Woman concerned about energy bill for business.

Blue NRG to pay small business customers for false price rise notice

Blue NRG will compensate several of its small business customers after it admitted to making false and misleading price increase claims for its fixed-contract customers in late 2022.

During an intervention from the Australian Competition and Consumer Commission (ACCC), Blue NRG admitted to telling 543 of its business energy customers on fixed-rate contracts that it had the legal right to increase their prices and would be effectively doubling them come 2023.

Fixed rate electricity contracts are designed to effectively ‘lock-in’ rates for eligible customers over an extended period, usually 12 to 24 months.

Blue NRG had told its customers on these offers that, despite these contracts still being in effect, it could change these fixed rates because of ‘force majeure’.

Force majeure is essentially a clause that allows a retailer, in this instance, to override their current pricing commitments due to an event out of their control. For context, Blue NRG’s notices were sent during a period of wholesale electricity market volatility last year.

According to the ACCC, the retailer had cited this clause during price increase notices made in November 2022 to business customers in New South Wales and Queensland, many of which were small businesses. It then sent a second notice almost a month later setting out the new prices which were to begin in 2023.

It was later found, however, that the related Blue NRG contracts either did not have a force majeure clause or a clause that did not cover the event in question.

Blue NRG has since agreed to a court-enforceable undertaking from the ACCC, which will see it abandon the proposed change and withdraw any notices of the price change. The retailer will also need to provide a refund or credit to any customers who have already paid invoices at the higher price.

Additionally, Blue NRG agreed to compensate any impacted customers who may have switched providers after receiving the notice last year. This will see the retailer cover the difference in costs from these customers’ original contract and their new offer.

Without intervention, the ACCC estimated that the proposed price increases would have cost impacted businesses about $5 million.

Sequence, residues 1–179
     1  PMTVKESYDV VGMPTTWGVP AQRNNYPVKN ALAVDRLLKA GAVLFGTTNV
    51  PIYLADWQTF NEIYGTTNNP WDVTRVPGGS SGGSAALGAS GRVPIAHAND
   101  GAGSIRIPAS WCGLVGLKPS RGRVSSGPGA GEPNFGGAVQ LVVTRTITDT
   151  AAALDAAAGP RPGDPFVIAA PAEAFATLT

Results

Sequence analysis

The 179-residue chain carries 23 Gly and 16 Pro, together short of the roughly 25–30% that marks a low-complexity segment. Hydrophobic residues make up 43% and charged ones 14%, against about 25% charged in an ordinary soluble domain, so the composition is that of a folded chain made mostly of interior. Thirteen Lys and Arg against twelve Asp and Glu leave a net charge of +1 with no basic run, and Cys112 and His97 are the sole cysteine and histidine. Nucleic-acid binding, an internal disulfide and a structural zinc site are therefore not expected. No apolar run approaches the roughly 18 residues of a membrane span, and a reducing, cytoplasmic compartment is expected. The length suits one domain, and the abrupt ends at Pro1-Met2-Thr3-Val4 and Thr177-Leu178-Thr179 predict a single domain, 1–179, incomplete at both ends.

ACCC Deputy Chair Mick Keogh said the ACCC would continue to monitor energy retailers and ensure they honour the correct terms of their customer agreements.

“Small businesses, like consumers, are facing cost of living pressures, including higher energy prices,” he said. “We will not hesitate to take enforcement action where energy retailers make misleading or deceptive statements about increasing prices where they do not have a proper legal basis to do so.”

The news comes as two other retailers land themselves in hot water with the ACCC for breaching the electricity code for residential power customers.

I am an impacted Blue NRG customer: What should I do?

An independent auditor will soon be appointed to help recover and resolve any disputes between Blue NRG and its former impacted customers.

If you are an impacted Blue NRG customer who remained with the retailer, you can rest assured that you will still be able to benefit from the fixed rates set out in your contract for the life of your agreement. If you paid higher prices in the interim, it may be best to keep an eye out for any communication from Blue NRG of potential reimbursement.

Alternatively, if you are concerned, it may be best to contact the retailer directly for more information.

Image credit: fizkes/Shutterstock.com

Kelseigh Wrigley
Energy Specialist
Kelseigh Wrigley covers Australia's retail energy market, growing her industry specific expertise over the last 2 years. She holds a Bachelor of Journalism at the Queensland University of Technology and has contributed her skills to online publications Hunter & Bligh and local radio station 4ZZZ.

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